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OTTAWA (Reuters) - Finance Minister Jim Flaherty said on Thursday that Ottawa favors using the Financial Stability Forum and International Monetary Fund to oversee international bank regulation rather than creating a new watchdog for that role.
"In the middle of an economic crisis, synchronized global recession, a crisis in some of the financial systems of the world, this is not the time to create new global entities, which would take months to get up and running, if not years," Flaherty told reporters.
Flaherty, who will fly to Rome later on Thursday for a meeting of finance minister from the Group of Seven leading industrialized nations, repeated his call for so-called toxic assets to be cleared out of the world financial system.
"Government is the only source now of going in and dealing with these bad assets in the banks and segregating them ... Every country has to get its own financial system in order and its institutions in order and then we have to have some sort of verification," he later told the Canadian Broadcasting Corp.
"Our suggestion ... has been to use the IMF since they're already in that business and have experience, and we need that quickly," he said.
Flaherty later told CTV television that the G7 meeting in Rome could "start making some decisive steps that the G20 can follow from", but gave few details.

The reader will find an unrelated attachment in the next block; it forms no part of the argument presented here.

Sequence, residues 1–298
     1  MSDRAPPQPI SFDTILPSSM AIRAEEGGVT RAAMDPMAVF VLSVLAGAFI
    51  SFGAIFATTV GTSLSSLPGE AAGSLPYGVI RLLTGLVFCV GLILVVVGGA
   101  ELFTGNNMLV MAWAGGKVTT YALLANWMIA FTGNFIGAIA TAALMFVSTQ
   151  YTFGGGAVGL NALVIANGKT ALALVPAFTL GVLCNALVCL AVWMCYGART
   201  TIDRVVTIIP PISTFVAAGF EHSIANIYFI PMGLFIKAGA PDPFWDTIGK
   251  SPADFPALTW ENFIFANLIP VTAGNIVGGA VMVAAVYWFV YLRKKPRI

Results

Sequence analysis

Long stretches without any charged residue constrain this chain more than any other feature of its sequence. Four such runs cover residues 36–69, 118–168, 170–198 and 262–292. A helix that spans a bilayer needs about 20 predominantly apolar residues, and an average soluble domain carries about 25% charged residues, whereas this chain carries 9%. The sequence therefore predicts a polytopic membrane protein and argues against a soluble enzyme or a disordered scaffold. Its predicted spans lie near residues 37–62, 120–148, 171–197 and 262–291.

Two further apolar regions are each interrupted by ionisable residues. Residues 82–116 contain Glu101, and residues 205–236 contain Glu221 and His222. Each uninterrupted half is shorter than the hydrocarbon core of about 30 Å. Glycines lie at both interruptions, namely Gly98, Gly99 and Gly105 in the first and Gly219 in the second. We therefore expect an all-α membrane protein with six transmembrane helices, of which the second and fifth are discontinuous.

"Our G20 agreement was that all of us would create initiatives in our own jurisdictions," he told reporters, referring to November's G20 summit in Washington.
The finance minister also said the Washington's planned stimulus package would benefit Canada as well as the United States. Canada sends 75 percent of its exports to the United States and is being badly hurt by the slowdown there.
"The American plan ... is a strong package and good for the United States, good for Canada. We know that stimulus builds on stimulus."
Flaherty told CTV that he saw more trouble ahead for the country's largest trading partner.
"The United States economy certainly hasn't hit bottom yet. Their housing recession continues unabated, downward. So we're in difficult times. I'm optimistic about 2010," he said.
He also voiced appreciation for renewed support in Parliament from the Liberal Party for the minority Conservative government's budget measures. Flaherty told the CBC he hoped the budget would receive final approval in early March.
Flaherty told CTV that Canada's banking system was stable and that the country had been helped by a decade of running budget surpluses.
"We have lots of room to maneuver at a time of crisis ... so we don't have to create permanent deficits," he said.
"The Americans, the British have a lot of trouble because they've been running deficits and when you hit rough waters like this and you start really spending a lot of money it's going to be hard for them to come out of it," he said.
On a separate issue, Flaherty said it was important that the IMF have enough resources, and he expected to discuss the issue with G7 ministers and with IMF Managing Director Dominique Strauss-Kahn.
"The demands on the IMF are substantial now, particularly by some of the economies in Central and Eastern Europe, and some of the emerging economies, which are experiencing a flight of financial institutions, of foreign banks and so on."
Reporting by Randall Palmer and David Ljunggren